The FCC risks over-conditioning the Comcast-NBCU merger

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Tick-tock goes the Federal Communication Commission’s merger clock counting the days the agency has spent reviewing the proposed Comcast-NBC Universal merger. The FCC says it tries to act on merger applications within 180 days. The clock is now at “Day 215” — more than a month of working days past its self-professed goal.

The good news: The FCC is likely to vote soon to approve the merger. The bad news: There may be so many conditions attached to the approval that the new entity could be constrained from realizing the economic efficiencies envisioned when the merger was conceived.

The combination is primarily a “vertical” rather than a “horizontal” merger. Rather than offering services and products that compete directly (“horizontally”) in the marketplace, Comcast and NBCU offer complementary (“vertical”) services. Comcast mostly is a broadband services provider and cable television distributor, a transmission conduit for others’ content, while NBCU largely is a content provider, with its ownership of broadcast and cable television networks and a movie studio.

The risks of collusion and market concentration are considered much greater with horizontal combinations. In contrast, a vertical integration of complementary services is generally viewed favorably because it is intended — if all works out as the parties envision, which is not always the case — to lead to increased operating efficiencies through reduced transaction costs. The cost savings inure to the benefit of consumers, providing capital for investing in innovative services and facilities.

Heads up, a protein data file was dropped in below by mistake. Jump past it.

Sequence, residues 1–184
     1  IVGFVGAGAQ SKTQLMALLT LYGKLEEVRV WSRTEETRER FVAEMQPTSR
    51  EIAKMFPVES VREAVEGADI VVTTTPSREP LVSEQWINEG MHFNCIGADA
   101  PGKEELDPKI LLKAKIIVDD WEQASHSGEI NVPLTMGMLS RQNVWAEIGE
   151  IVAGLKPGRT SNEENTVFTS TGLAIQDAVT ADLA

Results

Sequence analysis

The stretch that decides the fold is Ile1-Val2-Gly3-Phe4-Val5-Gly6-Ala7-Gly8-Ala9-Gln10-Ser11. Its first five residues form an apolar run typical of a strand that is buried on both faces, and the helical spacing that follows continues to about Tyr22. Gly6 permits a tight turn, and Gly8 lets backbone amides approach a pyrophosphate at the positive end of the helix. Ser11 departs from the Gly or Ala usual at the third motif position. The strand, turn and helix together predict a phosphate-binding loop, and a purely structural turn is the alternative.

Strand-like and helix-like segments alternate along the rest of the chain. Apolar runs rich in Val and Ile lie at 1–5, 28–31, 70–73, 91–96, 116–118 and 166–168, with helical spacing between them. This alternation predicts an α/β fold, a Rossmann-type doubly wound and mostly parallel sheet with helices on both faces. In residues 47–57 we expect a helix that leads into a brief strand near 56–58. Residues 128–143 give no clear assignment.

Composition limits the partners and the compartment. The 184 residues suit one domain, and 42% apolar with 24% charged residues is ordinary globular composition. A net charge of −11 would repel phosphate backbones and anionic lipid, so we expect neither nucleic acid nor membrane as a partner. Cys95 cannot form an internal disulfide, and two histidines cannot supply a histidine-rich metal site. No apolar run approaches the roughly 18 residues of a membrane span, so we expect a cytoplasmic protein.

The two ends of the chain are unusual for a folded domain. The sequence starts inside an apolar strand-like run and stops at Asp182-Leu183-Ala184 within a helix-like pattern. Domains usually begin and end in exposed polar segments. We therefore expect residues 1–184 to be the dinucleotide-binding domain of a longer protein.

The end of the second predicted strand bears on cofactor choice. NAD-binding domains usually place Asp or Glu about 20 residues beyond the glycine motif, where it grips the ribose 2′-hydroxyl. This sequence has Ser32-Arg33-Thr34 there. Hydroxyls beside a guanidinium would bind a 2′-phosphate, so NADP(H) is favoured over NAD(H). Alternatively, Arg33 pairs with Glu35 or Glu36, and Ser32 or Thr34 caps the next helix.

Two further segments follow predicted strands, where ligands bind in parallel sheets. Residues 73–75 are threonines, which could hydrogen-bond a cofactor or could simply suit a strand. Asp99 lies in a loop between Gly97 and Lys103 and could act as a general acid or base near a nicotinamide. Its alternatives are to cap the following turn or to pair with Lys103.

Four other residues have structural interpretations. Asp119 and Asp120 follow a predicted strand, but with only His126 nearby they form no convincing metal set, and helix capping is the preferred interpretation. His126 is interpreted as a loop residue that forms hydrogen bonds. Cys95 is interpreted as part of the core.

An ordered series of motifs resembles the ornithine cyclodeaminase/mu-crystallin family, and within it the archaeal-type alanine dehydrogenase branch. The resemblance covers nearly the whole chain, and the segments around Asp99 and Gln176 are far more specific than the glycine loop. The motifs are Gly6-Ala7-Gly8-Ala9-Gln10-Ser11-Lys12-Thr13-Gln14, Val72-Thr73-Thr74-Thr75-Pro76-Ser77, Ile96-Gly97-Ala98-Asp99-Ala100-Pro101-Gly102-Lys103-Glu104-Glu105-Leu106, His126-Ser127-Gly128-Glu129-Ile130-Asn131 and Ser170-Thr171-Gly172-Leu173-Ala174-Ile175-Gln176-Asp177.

This is not to say that mergers like the Comcast-NBCU combination shouldn’t be scrutinized by the government to ensure the merged entity will not be in a position to exercise undue market power to the detriment of marketplace competition and consumer welfare. But with the FCC reviewing the merger under the Communications Act’s indeterminate “public interest” standard, the agency ought to exercise a large measure of self-restraint.

The agency’s five commissioners should be wary of the difficulty of predicting the course of the technologically dynamic and competitive communications and media markets — especially so given the agency’s spotty predictive record.